Review by Michael Jacobson
Katie Holmes, Benjamin Bratt, Charlie Hunnam
Director: Stephen Gaghan
Audio: Dolby Digital 5.1, Dolby Surround
Video: Anamorphic Widescreen 2.35:1
Features: See Review
Length: 98 Minutes
Release Date: March 18, 2003
whole experience is so far out of my normal range of things.”
are smart thrillers and there are dumb thrillers, but Abandon is the
worst kind…the dumb thriller that thinks it’s a smart one.
In actuality, it’s a movie that needs to see the Wizard…it doesn’t
have a brain, a heart, or courage.
was bored and impatient while watching the movie. After, when I learned that the writer/director of this
picture was Stephen Gaghan, who earned an Oscar for the screenplay to Traffic,
I had to add depression. For my
sanity, I’m going to tell myself that this adapted screenplay was something he
did in school and left untouched in his desk until now. If you know differently, don’t tell me…I don’t want to
takes place on a college campus. The
kids are supposed to be ultra-smart. We
know because they throw around references to Zoaraster and anti-globalization.
But they’re meaningless buzz words.
Other things exist only for flavor…a rave party that drags on and on
and has no effect on the narrative, guidance counselor sessions, and of course,
everybody working on theses. It’s
an absurd game of pick-up sticks with college clichés.
Did anybody who makes a film about college life ever actually experience
it, or were they so shut away that they write screenplays about what they think
any rate, the film’s mystery, if you want to call it that, centers around the
disappearance of a music student named Embry Langam (Hunnam).
He’s made out to be the heir apparent to Puccini; a genius who (wow!)
gives performances under the stage instead of on top it, has a ready-made
Leopold tousled hair look, and talks in arrogant gibberish, but apparently
doesn’t know enough to have his choir members hold their music up high instead
of down at belly level so that their heads aren’t dropped and closing off
a big performance, and right before graduation, he disappeared without a trace.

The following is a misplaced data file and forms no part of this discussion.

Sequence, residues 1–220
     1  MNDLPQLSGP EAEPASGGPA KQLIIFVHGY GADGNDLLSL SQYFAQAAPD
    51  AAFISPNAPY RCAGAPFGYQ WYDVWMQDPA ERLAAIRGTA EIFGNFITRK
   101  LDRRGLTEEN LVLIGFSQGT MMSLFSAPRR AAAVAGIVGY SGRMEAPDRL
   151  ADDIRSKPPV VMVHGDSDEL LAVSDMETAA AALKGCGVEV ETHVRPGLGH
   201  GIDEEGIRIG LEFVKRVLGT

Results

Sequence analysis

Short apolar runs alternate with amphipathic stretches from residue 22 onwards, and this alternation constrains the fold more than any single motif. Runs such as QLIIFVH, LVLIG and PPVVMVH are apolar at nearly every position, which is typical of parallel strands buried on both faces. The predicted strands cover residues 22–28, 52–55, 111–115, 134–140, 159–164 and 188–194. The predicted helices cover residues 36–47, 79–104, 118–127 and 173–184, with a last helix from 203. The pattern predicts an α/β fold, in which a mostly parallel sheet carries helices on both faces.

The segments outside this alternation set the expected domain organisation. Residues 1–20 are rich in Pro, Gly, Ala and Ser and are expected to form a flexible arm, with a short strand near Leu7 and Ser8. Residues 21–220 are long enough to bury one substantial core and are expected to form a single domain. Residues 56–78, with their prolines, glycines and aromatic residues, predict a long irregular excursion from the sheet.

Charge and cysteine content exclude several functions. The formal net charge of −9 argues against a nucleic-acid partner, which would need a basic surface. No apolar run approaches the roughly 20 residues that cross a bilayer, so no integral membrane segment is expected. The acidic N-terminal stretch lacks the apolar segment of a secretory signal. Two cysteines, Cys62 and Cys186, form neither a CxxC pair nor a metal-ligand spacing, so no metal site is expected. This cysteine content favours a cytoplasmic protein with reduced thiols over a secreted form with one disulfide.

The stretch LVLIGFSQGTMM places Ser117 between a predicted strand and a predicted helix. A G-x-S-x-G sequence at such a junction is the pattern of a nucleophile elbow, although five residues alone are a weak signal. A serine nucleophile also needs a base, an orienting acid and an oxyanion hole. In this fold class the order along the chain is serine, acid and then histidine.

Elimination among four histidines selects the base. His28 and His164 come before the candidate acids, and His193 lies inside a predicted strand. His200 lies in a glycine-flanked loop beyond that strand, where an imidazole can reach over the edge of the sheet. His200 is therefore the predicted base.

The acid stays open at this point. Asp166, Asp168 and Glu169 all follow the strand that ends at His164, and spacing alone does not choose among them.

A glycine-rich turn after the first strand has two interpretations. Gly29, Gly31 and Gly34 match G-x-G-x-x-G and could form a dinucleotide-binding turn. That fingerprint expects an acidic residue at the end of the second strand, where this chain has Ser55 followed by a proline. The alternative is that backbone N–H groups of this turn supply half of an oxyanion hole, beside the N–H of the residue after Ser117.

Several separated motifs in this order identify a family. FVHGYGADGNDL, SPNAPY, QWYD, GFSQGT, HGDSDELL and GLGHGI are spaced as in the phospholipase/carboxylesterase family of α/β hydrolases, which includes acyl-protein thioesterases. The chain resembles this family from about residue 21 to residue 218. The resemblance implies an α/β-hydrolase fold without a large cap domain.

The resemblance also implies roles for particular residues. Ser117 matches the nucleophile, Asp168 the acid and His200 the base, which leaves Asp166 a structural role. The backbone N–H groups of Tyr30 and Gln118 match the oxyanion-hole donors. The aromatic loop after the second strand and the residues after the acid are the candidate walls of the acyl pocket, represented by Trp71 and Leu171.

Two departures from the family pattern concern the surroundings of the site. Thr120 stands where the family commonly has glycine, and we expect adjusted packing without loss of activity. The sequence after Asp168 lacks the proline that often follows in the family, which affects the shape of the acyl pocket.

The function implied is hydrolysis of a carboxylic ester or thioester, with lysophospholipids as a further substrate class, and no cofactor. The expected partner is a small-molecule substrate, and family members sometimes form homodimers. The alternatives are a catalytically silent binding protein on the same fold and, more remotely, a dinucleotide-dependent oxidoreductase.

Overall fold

Is he dead? Considering he
left his financial assets untouched and a pair of unused plane tickets, that’s
a good guess. But then again, he
was a goofy artist, so pulling a vanishing act wouldn’t be out of character
for him…a great relief to the plot, because without that, there’s no real
story. Detective Wade Handler (Bratt)
is assigned to the two year mystery, and he decides to focus on Embry’s
girlfriend Katie (played by Katie Holmes…easy to remember).
film is about an hour and a half. Its
story could have been told in 30 minutes. There’s
more padding here than in a bulletproof vest factory.
Sequences that serve no purpose are lingered over.
Flashbacks that disrupt the narrative have little importance, and though
they’re easy to follow, they don’t flow in and out of the storyline with
ease. It’s almost as if Gaghan
hoped to stumble across some style by accident.
I’m guessing the padding is because most modern thrillers clock in at about 90
minutes. Only a few masters like
Hitchcock could really get away with a 2 hour running time.
This drawn out film seems to wallow in tedium a few times too often in
order to make a picture for the short attention span generation.
If there’s one audience this movie is NOT for, it’s those with short
like Katie Holmes, but this is kind of thankless role that Gaghan tries to make
juicy with a nice trump card here and there.
Time and time again I imagined Ms. Holmes asking, “What’s my
motivation?” only to have her director answer, “I’ll try to give you one
in the editing room.”
Bratt brings a nice, well rounded approach to what is essentially a clichéd cop
role. He manages to bring a little
more soul to the part than is called for.
movie made me restless. It was
ludicrous enough to merit a raised eyebrow or two, but took itself too seriously
for laughter. I might have
preferred that. By the time it
dragged its heels listlessly towards a conclusion I figured out long in advance,
I wasn’t feeling a bit of suspense. Except
for the anticipation of the end credits and finally getting my life back.
is a top notch anamorphic transfer from Paramount (a pan & scan version is
also available; if you want to see this movie, avoid it because certain
‘clues’ are newspaper clippings that run the full width of the screen).
The film has many great settings that are well photographed and filled
with detail, as well as a strong range of lighting schemes from bright to
dismally dark…all of it plays with sharpness and clarity, and good natural
coloring. No distortions, grain, or
evidences of compression mar the viewing experience.
5.1 mix is satisfying, though amusingly enough, even the sound sometimes
represents the movie’s problems. If
you need to pad a scene, layer sounds like music, nondescript dialogue and
singing over drawn out images, and you’ve got nothing that looks like
something. That’s the fault of
the director, though, not the audio, and for the most part, this plays out well,
with good dynamic range, dialogue clarity and selective but effective use of the
.1 channel and surrounds.
extras are generous enough, starting with a commentary by Stephen Gaghan and DP
Matthew Libatique. Gaghan also
lends commentary to some deleted and extended scenes. Rounding out are a standard production featurette and
trailers for this movie and The Four Feathers.